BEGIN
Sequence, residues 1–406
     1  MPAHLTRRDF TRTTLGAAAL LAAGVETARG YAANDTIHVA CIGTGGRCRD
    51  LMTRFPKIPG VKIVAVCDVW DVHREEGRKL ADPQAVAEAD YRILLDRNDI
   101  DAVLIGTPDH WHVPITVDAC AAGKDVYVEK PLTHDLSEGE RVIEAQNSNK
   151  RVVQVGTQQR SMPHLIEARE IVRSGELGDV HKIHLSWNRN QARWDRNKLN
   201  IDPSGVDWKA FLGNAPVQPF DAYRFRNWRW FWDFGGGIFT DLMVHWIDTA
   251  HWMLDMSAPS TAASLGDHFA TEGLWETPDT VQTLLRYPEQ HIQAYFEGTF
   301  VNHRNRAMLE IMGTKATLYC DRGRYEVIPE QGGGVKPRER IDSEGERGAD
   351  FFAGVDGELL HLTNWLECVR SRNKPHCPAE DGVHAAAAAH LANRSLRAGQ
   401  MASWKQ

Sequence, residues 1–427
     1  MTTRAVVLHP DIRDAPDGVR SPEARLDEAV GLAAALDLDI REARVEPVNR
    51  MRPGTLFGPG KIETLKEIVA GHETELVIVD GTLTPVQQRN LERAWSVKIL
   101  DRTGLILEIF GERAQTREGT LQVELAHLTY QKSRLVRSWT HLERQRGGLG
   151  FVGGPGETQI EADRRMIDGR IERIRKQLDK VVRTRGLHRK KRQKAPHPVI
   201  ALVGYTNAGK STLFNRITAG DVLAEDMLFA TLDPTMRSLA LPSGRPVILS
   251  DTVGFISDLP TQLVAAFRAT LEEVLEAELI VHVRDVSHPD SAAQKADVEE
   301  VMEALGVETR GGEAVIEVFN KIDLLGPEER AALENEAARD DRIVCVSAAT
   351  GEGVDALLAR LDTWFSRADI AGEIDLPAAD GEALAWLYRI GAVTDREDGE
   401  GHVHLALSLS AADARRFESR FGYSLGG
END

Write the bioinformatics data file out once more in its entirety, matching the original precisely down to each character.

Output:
Sequence, residues 1–406
     1  MPAHLTRRDF TRTTLGAAAL LAAGVETARG YAANDTIHVA CIGTGGRCRD
    51  LMTRFPKIPG VKIVAVCDVW DVHREEGRKL ADPQAVAEAD YRILLDRNDI
   101  DAVLIGTPDH WHVPITVDAC AAGKDVYVEK PLTHDLSEGE RVIEAQNSNK
   151  RVVQVGTQQR SMPHLIEARE IVRSGELGDV HKIHLSWNRN QARWDRNKLN
   201  IDPSGVDWKA FLGNAPVQPF DAYRFRNWRW FWDFGGGIFT DLMVHWIDTA
   251  HWMLDMSAPS TAASLGDHFA TEGLWETPDT VQTLLRYPEQ HIQAYFEGTF
   301  VNHRNRAMLE IMGTKATLYC DRGRYEVIPE QGGGVKPRER IDSEGERGAD
   351  FFAGVDGELL HLTNWLECVR SRNKPHCPAE DGVHAAAAAH LANRSLRAGQ
   401  MASWKQ

Sequence, residues 1–427
     1  MTTRAVVLHP DIRDAPDGVR SPEARLDEAV GLAAALDLDI REARVEPVNR
    51  MRPGTLFGPG KIETLKEIVA GHETELVIVD GTLTPVQQRN LERAWSVKIL
   101  DRTGLILEIF GERAQTREGT LQVELAHLTY QKSRLVRSWT HLERQRGGLG
   151  FVGGPGETQI EADRRMIDGR IERIRKQLDK VVRTRGLHRK KRQKAPHPVI
   201  ALVGYTNAGK STLFNRITAG DVLAEDMLFA TLDPTMRSLA LPSGRPVILS
   251  DTVGFISDLP TQLVAAFRAT LEEVLEAELI VHVRDVSHPD SAAQKADVEE
   301  VMEALGVETR GGEAVIEVFN KIDLLGPEER AALENEAARD DRIVCVSAAT
   351  GEGVDALLAR LDTWFSRADI AGEIDLPAAD GEALAWLYRI GAVTDREDGE
   401  GHVHLALSLS AADARRFESR FGYSLGG